This is your blue print. Steven Covey re-iterates this in Habit 2: Begin with the end in mind. It is tedious, but this task of scheduling will give you a sense of direction and purpose.  Aiming for, say solving one sectional test from the Official Guide, has tremendous value. These bite size revision times, could be finished in one sitting or even during tea breaks. However, it MUST be done by the end of the day!


2) Practice:


Even during his prime, Michael Jordan was the first to arrive for practice and the last to leave the gym. He believed hard work is the only ‘formula’ for success; not talent. Interestingly, Michael Jordan at first did not make it into his high school basketball team. He used that rejection to fuel his determination. Bad mock scores should fuel your determination and good ones should aspire you for better scores.

[perfectpullquote align=”full” cite=”” link=”” color=”” class=”” size=””]The more you practice, the better you become. But the key here is consistency. It is dedication to discipline. Put your head down and plough through your practice. GRE scores will always be directly proportional to your discipline: the more disciplined you are the better your score will be![/perfectpullquote]


3) Patience:


Sometimes you have to wait a little longer to realize your dream score. All the successful people have been rejected at some point in their journey. So, what if this is your 2nd GRE attempt or 3rd one? Learning from your mistakes, picking yourself up and moving on is the key and no doubt patience plays the most important role here. If you are retaking your GRE use Anannt’s one of a kind GRE Diagnostic analysis tool.

What better example to personify this statement than Thomas Alva Edison. He succeeded at refining the light bulb at the 1000th attempt! When asked about his other failed 999 attempts, he famously stated “ I didn’t fail 999 times; the light bulb is an invention of 1,000 steps.” Failure was not defeat for Edison; it was one step closer to the solution. His teachers said, “He was too stupid to learn anything.”

Your patience will specifically be tested in Reading Comprehension if Verbal is not your strong suite. Understanding the reasoning behind the answer will make the difference. Mind you: it’s a Verbal Reasoning test, you are supposed to be good at your reasoning ability and not your English language.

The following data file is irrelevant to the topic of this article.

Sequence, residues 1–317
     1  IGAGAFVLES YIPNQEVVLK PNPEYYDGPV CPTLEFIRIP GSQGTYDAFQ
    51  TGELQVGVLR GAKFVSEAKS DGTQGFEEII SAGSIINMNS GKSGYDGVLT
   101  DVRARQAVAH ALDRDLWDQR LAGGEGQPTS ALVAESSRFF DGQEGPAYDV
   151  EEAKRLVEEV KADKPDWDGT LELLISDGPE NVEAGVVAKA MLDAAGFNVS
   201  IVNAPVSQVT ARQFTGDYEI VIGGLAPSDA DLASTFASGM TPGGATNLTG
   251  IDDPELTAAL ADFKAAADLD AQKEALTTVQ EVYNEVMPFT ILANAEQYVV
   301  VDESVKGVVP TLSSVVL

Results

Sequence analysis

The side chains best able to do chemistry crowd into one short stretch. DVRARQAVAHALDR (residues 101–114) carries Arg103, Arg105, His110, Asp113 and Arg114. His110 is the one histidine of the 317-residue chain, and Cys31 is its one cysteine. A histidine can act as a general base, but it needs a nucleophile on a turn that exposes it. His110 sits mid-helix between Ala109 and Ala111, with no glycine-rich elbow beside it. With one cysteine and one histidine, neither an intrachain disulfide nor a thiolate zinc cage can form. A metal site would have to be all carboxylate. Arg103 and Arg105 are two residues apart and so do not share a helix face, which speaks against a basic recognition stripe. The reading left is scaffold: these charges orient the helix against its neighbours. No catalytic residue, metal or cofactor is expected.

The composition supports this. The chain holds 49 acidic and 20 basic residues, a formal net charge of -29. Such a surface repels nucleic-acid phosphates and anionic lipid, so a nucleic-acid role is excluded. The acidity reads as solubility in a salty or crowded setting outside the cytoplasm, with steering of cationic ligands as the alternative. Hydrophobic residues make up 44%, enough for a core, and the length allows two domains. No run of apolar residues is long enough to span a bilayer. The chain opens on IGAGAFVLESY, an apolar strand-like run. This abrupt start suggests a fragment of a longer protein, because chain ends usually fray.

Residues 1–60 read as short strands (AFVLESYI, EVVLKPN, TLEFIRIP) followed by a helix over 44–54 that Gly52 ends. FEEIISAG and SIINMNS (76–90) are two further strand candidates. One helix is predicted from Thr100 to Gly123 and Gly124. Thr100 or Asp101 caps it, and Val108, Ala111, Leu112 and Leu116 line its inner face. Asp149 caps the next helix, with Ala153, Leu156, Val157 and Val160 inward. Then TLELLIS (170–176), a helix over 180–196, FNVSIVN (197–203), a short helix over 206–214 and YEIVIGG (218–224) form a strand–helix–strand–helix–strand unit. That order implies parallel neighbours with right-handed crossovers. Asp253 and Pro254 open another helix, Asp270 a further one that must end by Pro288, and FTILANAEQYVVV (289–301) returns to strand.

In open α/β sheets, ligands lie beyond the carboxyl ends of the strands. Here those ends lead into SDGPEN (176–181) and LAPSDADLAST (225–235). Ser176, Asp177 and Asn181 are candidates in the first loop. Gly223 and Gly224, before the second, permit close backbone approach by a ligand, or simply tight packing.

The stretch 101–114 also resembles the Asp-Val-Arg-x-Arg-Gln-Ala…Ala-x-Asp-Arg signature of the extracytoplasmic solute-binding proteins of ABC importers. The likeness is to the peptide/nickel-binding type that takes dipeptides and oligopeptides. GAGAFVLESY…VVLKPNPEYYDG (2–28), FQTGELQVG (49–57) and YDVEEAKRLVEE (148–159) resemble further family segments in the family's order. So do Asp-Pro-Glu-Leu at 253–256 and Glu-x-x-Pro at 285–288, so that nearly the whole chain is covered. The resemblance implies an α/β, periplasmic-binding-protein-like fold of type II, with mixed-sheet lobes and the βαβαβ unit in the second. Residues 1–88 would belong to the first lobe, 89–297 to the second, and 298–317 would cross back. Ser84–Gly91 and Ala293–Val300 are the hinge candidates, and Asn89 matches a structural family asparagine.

4) Positive Attitude:


[perfectpullquote align=”full” cite=”” link=”” color=”” class=”” size=””]Mind over matter. You must get into the habit of visualizing your victory. View your setbacks as stepping-stones. Always remember, “the more you sweat in the mock tests, the less will you bleed in the actual GRE”.[/perfectpullquote]

At 22, Walt Disney, ironically enough, was fired from his job with a newspaper firm, for ‘lacking creativity!’ Another anecdote from the life of Walt is that his proposed theme for Disneyland was initially rejected. He did not listen to the naysayers; instead pursued his vision and created a magical world that has been entertaining children and adults from 1955.

The visualizing technique is a tool that all athletes use. Create a physical visual of your goal like a Vision Board and create a vivid picture of your triumph in your mind. Visit these positive images often during the day.


5) Play


Make time for play. This can be in the form of a walk, a PS4 game, shooting a few hoops. The trick is to schedule it in and to stick to your ‘planned’ time frame. But you have to earn your rest time. You have to work purposefully and reward yourself with a well-earned break. I reiterate, you should achieve your goals first and then think of rewarding, not vice-versa.


6) Pray


This is not to be viewed purely in a religious context. It refers to balancing your mind. Meditate or pray to calm your mind. You can even consider this as a tool for introspection:  ponder about your mistakes in the GRE mock tests, analyze  your strategy and think of corrective measures. The length of this can vary from a minimum of 3 to 15 minutes.

Sitting in stillness will help your focus, give you a renewed sense of purpose, and negate your doubts. There are apps to help you with this process too.

Sometimes it takes you a bit longer to get your goal; but you will get there in the end if you persevere. As a toddler, all of us constantly fell down in our attempts to walk.  The motor skills that are required for a baby to learn to walk are quite challenging; but none of us gave up in spite of constantly falling down. We all picked ourselves up and persevered!

There is no a magic formula that would promise instant success;